The Clark County Council is looking at potential new changes to fireworks laws in unincorporated parts of the county, receiving a report from the 2020 Fourth of July season while considering restricting what types of fireworks could be used.
Councilors took part in a remote work session Oct. 21 where they received information from interim county fire marshal Dan Young and considered whether or not to host a public hearing on a new ordinance that would affect legal fireworks types in the county.
The ordinance would make fireworks that did not fit a “safe and sane” designation illegal in Clark County. The ordinance describes the illegal fireworks as ones that fly, explode or travel more than 1 foot into the air or more than 6 feet on the ground.
Prior to consideration of moving forward with a public hearing, which is tentatively planned for December, Young provided data from 2020 on enforcement and damage from fireworks during the Independence Day season. Young noted that in 2019 fireworks discharge dates were normalized across unincorporated parts of the county, with all areas only allowing for use on July 4.
For the 2020 season, Young said the fire marshal’s office worked with fireworks wholesalers to develop uniform signage that showed fireworks laws, safety information and potential penalties for illegal usage. The office also emphasized using the county’s interactive map for fireworks use, which according to Young’s presentation had close to 29,000 visits since the start of this year.
For this fireworks season, Young said there were between four and eight Clark County Sheriff’s Office vehicles patrolling each night between June 28 and July 5. Between that time, Young said there were 404 complaint calls, with 56 individuals advised or receiving warnings, up from 36 in 2019. There were no citations issued, Young said, which in part was due to the social climate at the time following mass protests on police brutality nationwide.
“We were doing more safety and a lot of education,” Young said.
Young said in many cases — 168 of the 279 calls for service responded to — deputies were unable to locate any individuals or conditions that would justify the complaint.
Young said anecdotally this year it felt that those lighting off fireworks were not shooting off full displays at once prior to Independence Day, instead going by a few at a time, which he reasoned may be in part due to July 4 falling on a Saturday which could have concentrated discharge to the designated date more.
Young said his office responded to five fire investigations related to fireworks during this year’s season, ranging from a dumpster fire due to improper disposal of fireworks with an estimated $500 of damage, to a fire on a house exterior wall estimated to have done $25,000 in damage.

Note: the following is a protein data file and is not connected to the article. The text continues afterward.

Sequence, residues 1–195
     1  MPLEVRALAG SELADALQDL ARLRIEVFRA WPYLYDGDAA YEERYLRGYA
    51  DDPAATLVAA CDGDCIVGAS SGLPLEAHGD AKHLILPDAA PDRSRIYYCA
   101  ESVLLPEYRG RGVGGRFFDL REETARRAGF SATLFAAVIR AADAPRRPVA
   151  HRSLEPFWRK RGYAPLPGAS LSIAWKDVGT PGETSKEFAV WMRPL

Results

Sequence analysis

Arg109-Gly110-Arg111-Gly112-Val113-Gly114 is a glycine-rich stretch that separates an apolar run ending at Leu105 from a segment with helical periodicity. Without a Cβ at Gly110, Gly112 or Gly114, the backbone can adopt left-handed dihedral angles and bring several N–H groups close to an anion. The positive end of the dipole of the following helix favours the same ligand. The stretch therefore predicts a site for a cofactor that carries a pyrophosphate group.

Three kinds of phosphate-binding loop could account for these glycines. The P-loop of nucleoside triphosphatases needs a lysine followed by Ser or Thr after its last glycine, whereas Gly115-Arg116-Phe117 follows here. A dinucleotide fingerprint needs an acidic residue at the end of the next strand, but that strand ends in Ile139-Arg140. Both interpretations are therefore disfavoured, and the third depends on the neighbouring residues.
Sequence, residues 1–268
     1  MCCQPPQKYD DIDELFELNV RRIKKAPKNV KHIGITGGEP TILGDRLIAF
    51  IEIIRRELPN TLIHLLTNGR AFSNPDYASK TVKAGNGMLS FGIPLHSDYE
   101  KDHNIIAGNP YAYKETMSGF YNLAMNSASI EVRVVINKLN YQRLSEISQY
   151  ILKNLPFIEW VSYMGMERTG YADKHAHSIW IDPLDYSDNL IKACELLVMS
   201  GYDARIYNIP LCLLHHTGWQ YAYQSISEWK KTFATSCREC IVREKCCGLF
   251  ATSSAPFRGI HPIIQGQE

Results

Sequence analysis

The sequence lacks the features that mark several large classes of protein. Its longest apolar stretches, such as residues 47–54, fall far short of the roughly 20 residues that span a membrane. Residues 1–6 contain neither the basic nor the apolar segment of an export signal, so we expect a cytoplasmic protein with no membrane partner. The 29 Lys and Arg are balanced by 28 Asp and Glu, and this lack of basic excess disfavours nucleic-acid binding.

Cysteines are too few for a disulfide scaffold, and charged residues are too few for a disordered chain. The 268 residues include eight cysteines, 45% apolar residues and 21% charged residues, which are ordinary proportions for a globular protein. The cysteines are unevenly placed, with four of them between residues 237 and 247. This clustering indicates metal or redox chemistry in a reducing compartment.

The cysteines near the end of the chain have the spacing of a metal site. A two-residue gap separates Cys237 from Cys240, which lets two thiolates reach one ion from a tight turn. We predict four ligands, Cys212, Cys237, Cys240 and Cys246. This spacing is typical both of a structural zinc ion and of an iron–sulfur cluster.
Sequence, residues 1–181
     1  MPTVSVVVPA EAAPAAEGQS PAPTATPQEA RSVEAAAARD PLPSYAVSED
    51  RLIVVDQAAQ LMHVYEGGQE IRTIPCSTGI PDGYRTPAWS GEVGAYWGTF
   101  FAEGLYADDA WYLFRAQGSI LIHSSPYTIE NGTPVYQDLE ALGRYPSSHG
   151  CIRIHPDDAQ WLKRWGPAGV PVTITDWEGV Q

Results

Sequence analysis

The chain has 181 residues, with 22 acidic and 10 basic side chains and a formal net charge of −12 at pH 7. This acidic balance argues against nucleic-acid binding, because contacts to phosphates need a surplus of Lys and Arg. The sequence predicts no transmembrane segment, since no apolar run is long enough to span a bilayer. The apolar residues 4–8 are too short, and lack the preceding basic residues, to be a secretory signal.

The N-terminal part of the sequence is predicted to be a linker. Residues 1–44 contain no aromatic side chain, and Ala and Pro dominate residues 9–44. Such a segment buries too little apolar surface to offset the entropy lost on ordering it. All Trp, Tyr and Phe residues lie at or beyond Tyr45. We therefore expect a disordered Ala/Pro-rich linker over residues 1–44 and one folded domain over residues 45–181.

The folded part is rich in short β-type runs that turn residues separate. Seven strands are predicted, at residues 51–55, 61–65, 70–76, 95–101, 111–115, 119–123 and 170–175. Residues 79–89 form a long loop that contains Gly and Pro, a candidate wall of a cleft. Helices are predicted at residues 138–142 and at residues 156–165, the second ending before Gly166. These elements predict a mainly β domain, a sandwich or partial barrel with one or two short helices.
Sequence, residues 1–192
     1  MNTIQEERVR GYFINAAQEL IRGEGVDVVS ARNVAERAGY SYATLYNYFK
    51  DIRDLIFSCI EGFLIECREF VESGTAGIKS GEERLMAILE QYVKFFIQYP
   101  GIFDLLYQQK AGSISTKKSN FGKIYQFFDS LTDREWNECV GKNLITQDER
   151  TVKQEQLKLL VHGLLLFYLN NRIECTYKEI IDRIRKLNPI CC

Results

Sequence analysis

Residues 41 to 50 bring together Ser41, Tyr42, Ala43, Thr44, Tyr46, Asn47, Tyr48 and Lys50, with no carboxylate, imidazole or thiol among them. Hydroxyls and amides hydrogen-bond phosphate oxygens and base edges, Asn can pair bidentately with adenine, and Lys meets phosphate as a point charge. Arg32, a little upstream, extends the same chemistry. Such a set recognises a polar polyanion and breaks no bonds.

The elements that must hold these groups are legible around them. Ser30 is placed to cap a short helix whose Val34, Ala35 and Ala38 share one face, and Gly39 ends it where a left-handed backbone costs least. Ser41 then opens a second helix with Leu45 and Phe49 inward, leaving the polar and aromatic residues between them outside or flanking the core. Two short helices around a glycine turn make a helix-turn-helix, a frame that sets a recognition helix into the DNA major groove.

Permitting for fireworks sellers totalled about $9,600 for Clark County, Young said, which was around the cost for enforcement of fireworks laws. Clark County Councilor Gary Medvigy said he heard from fireworks sellers who expressed interest in contributing to local fire districts to help with costs for their responses. Young said he wasn’t aware of such a mechanism available.
Councilor Julie Olson brought up the issue of trash and debris following discharge, something not included in Young’s presentation.
“It’s in the streets and it’s in the neighbors’ yards, and on their roofs and in their gutters,” Olson remarked.
Medvigy felt consideration of new fireworks laws only a few years after the last changes was premature. He noted the number of cancellations of large-scale fireworks events this year in the wake of the COVID-19 pandemic, as well as prior work adjusting fireworks laws in the past few years.
“Our nonprofits, our for-profits, all of our citizens are still adjusting to the change that just happened,” Medvigy said. “This is an unprecedented time where personal freedoms have been truncated, and we’re still within that.”
Council chair Eileen Quiring O'Brien agreed that county residents needed more time for the most recent fireworks changes to “settle in.” She said that some nonprofits raised their entire budgets for the year off of fireworks sales.
Olson pushed back on the notion that there hasn’t been enough time, pointing to the fact that the only change was on discharge, not on dates of sale, and to the increasing rate of complaints.
Olson said it was her opinion that discharging fireworks “do not qualify as a personal freedom,” adding that “there’s no right to blow up our neighborhoods with fireworks that start fires, frankly, and terrorize our seniors and our pets.”
Olson said that nonprofits who rely on fireworks sales would be able to pivot their fundraising opportunities. Councilor John Blom added that any changes would not be in effect until the 2022 Fourth of July season.
“We’re talking about a change that’s 12 to 18 months away,” Councilor Temple Lentz said, voicing her support to bring the proposed changes to a hearing.
Clark County Council’s Senior Policy Analyst Lindsey Shafar said that a hearing for the ordinance on Dec. 1 would be looked at.